Jeffrey Stewart: The sexual tension is always there for him, and what I feel it produces in him is a level of alienation because he will never actually have the support of this community.
Bilal Qureshi: In 1922, we’re talking about somebody, it’s segregated America, resource issues, pre-air travel. Even the physical movement of somebody small and black to Europe on a Grand Tour and I guess when I think of the Grand Tour, I don’t think of a gay black man on that tour so he is uppity in the sense that he ups and leaves and goes places?
Jeffrey Stewart: Exactly. Well it’s interesting you say that because I’ve been talking about this in my class. One of the few benefits, let’s say, that African-Americans get out of Emancipation and the Civil War is mobility. You don’t get the right to vote, you don’t get the right really to earn a lot of money but you do get the right to move, so that right of mobility becomes almost a metaphor for black life. That’s why so much of the blues songs are about trains and riding in trains and walking and riding, the wandering blues, right? So that mobility is something cherished, it’s not something taken for granted. So for Locke then the mobility to go to Europe and continually so is a right, it’s sort of like his Declaration of Independence. He knows it’s not set up for him, but at the same time he’ll take advantage of it.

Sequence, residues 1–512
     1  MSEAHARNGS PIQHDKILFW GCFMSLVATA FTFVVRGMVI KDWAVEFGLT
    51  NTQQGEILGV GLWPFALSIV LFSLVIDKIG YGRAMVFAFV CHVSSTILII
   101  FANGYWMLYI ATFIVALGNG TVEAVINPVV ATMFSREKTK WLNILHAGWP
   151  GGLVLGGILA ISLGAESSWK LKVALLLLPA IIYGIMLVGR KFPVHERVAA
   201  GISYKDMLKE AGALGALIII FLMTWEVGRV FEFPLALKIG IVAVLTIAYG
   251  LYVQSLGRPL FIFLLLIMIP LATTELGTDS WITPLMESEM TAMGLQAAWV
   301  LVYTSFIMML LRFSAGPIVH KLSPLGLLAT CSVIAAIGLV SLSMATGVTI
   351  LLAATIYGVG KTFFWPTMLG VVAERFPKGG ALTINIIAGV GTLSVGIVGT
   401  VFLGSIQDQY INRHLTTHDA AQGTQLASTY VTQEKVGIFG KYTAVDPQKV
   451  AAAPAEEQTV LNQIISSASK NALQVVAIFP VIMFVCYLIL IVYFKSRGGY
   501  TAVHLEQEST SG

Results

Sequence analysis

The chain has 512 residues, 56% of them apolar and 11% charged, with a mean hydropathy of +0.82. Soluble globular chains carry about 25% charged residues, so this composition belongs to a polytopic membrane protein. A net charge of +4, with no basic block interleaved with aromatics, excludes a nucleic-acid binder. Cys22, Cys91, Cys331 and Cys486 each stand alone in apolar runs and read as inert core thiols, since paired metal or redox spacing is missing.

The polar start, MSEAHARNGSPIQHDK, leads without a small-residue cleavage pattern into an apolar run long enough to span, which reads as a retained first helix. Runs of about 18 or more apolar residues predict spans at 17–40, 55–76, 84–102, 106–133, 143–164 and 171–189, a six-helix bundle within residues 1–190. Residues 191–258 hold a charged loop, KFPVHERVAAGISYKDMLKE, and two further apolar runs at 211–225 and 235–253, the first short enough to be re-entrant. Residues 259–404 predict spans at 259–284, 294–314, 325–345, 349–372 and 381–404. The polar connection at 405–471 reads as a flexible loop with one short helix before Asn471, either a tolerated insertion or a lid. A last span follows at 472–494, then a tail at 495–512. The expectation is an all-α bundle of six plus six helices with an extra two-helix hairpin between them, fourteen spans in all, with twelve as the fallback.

[Berlin Street Music]
Bilal Qureshi: In 1922, Alain Locke’s mother died. She was his sole family, and he was devastated. He gathered himself and set sail for the city he loved most: Berlin, Germany. So I followed Alain Locke back to Berlin. Berlin, the romantic capital of Café Society, academics, and endless reinvention.
Stuart Braun: As I started to reach out to that era, there were so many interesting people who no one had ever heard of.